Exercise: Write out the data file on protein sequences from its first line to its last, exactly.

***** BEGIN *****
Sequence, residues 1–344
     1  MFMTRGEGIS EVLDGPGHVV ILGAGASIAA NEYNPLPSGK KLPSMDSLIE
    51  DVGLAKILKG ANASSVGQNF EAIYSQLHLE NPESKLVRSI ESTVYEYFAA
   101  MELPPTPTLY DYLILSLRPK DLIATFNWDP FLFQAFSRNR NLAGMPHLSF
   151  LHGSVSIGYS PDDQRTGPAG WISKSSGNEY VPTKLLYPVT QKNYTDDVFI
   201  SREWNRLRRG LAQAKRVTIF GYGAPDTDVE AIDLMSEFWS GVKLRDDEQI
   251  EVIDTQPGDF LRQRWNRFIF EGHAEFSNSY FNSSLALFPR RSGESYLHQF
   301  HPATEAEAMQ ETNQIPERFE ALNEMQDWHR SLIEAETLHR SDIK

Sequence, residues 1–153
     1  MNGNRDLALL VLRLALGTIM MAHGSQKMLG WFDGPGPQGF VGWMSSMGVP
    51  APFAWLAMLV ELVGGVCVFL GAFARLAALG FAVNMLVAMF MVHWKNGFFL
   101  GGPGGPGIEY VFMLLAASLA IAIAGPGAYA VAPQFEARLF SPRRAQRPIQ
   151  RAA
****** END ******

Sequence, residues 1–344
     1  MFMTRGEGIS EVLDGPGHVV ILGAGASIAA NEYNPLPSGK KLPSMDSLIE
    51  DVGLAKILKG ANASSVGQNF EAIYSQLHLE NPESKLVRSI ESTVYEYFAA
   101  MELPPTPTLY DYLILSLRPK DLIATFNWDP FLFQAFSRNR NLAGMPHLSF
   151  LHGSVSIGYS PDDQRTGPAG WISKSSGNEY VPTKLLYPVT QKNYTDDVFI
   201  SREWNRLRRG LAQAKRVTIF GYGAPDTDVE AIDLMSEFWS GVKLRDDEQI
   251  EVIDTQPGDF LRQRWNRFIF EGHAEFSNSY FNSSLALFPR RSGESYLHQF
   301  HPATEAEAMQ ETNQIPERFE ALNEMQDWHR SLIEAETLHR SDIK

Sequence, residues 1–153
     1  MNGNRDLALL VLRLALGTIM MAHGSQKMLG WFDGPGPQGF VGWMSSMGVP
    51  APFAWLAMLV ELVGGVCVFL GAFARLAALG FAVNMLVAMF MVHWKNGFFL
   101  GGPGGPGIEY VFMLLAASLA IAIAGPGAYA VAPQFEARLF SPRRAQRPIQ
   151  RAA